Punching Back Against Big Tech
The speech-silencing oligarchs clearly have the upper hand, but that’s because we haven’t yet dropped the gloves.
“If we want everyone in the world to have access to all the opportunities that come with the Internet, we need to keep the Internet free and open.”
So said Facebook CEO Mark Zuckerberg.
On July 12, 2017.
How times have changed. Zuck and his fellow Big Tech oligarchs have long since renounced their belief in a “free and open” Internet, throwing in instead with the cowards and tyrants who use their power to censor and deplatform those with whom they disagree.
Take Parler, for example. We challenge any red-blooded, Liberty-loving American to visit the company’s now-pathetic home page and read the posts from CEO John Matze, Senator Rand Paul, Sean Hannity, Mark Levin, and the platform’s part-owner Dan Bongino and come away with anything but a sense that Big Tech is evil.
Rachel Bovard, writing in American Consequences, rightly sees Big Tech as a cabal of “mega-corporations capable of distorting speech, thought, and behavior — not to mention privacy and data property rights — on an international scale, exerting unprecedented levels of influence over billions of people.” She says it’s “a growing threat from mega-corporate power that rivals — and in some cases, arguably supersedes — that of the government.”
Those who love the marketplace of ideas and our Constitution’s First Amendment have certainly been bloodied, but that doesn’t mean the fight is over. It just means we need to dispense with our naïve belief that Big Tech is fundamentally decent; that its oligarchs are in any way committed to the “free and open” Internet they championed back in 2017.
As Allysia Finley writes in The Wall Street Journal, “Big tech companies today more closely resemble the old telephone monopolies that Congress sought to regulate as common carriers in 1930s than broadband providers do. They have used their market power to suppress speech and competitors, even while pretending to defend an ‘open and free Internet.’ … Democratic states including California and Washington have since imposed their own net-neutrality policies. Which leads to an idea: While Republicans now have little clout in Washington, those in Florida or Texas might consider imposing their own neutrality rules on Big Tech.”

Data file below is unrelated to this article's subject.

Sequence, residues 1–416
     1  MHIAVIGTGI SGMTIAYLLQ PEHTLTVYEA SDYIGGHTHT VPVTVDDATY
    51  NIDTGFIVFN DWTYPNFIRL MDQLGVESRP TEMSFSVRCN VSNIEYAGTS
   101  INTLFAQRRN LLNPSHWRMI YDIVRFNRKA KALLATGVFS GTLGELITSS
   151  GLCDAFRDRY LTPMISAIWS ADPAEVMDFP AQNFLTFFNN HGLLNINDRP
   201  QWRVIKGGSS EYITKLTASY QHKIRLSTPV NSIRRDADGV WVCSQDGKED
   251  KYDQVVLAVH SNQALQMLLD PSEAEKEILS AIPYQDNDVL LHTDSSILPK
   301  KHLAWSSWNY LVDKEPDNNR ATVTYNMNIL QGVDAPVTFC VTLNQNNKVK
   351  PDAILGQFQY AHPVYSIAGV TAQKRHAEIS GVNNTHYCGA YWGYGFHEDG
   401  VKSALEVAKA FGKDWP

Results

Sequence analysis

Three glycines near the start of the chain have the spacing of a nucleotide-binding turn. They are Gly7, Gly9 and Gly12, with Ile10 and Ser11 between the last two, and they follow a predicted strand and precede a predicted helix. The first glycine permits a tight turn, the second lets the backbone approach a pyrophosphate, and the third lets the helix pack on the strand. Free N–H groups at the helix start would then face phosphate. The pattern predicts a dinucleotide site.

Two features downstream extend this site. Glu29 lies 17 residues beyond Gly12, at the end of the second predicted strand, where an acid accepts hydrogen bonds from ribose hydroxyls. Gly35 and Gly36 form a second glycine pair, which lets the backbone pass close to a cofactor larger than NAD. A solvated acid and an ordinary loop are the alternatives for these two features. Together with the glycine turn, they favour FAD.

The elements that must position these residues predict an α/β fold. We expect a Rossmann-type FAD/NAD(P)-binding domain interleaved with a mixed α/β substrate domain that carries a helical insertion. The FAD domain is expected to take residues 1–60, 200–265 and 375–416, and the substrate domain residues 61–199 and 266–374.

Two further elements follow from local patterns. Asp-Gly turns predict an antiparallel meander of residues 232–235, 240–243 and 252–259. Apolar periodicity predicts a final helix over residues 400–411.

Finally. A punch thrown in anger.
Bovard, too, can throw a punch. She sees Big Tech companies as monopolistic, and she proposes breaking them up. She also notes that this interventionist approach isn’t necessarily at odds with conservative and libertarian thought. “Generations of classical liberal and libertarian-minded thinkers,” she writes, “have understood that when left unchecked, both democracy and capitalism can be susceptible to tyranny — the former to tyranny of the majority, the latter to tyranny of monopoly or cartels.”
Unfortunately, those in government with any inclination to rein in Big Tech have no power to do so. Senator Josh Hawley, for example, can lead by denunciation — but little else. As he wrote recently in a New York Post op-ed, “The cancel culture agenda will only succeed if we let it. We need live in fear only if we choose to say nothing. In this time of testing, conservatives must not shrink back. We need to stand up for the right of every American to be heard. We need to stand up for the basic principles that join all Americans together — the right to speak freely, to debate openly, and to address our differences graciously without fear of being silenced or punished for dissenting views.”
Hawley is right, of course, but again: He’s a senator. As John Hinderaker points out, the states are better equipped to punch back at Big Tech. “The solution,” he writes, “is to work through the states. There are plenty of states controlled by conservatives — or at least people who believe in free speech — to make this happen. In my opinion, if a critical mass of states, say 10 or 15, enact such legislation, authorizing substantial statutory damages for each violation along with attorneys’ fees, the social media platforms will have no choice but to stop suppressing conservative voices.”
Florida Governor Ron DeSantis would seem to be on board, and his state is acting accordingly. One feature of a pending Florida bill: It bars social media platforms from deplatforming political candidates during an election campaign, with substantial fines.
As The Daily Wire reports, he blasted both the mainstream media and their Big Tech fellow travelers for having conspired to suppress the New York Post’s bombshell Hunter Biden story while claiming, ridiculously, that the story was based on “hacked information.”
“You’re trying to tell me if there was hacked information that could damage me you guys wouldn’t print it? Given me a break,” he said. “You can whiz on my leg, but don’t tell me it’s raining.”
Thanks, governor, for the quote of the week.
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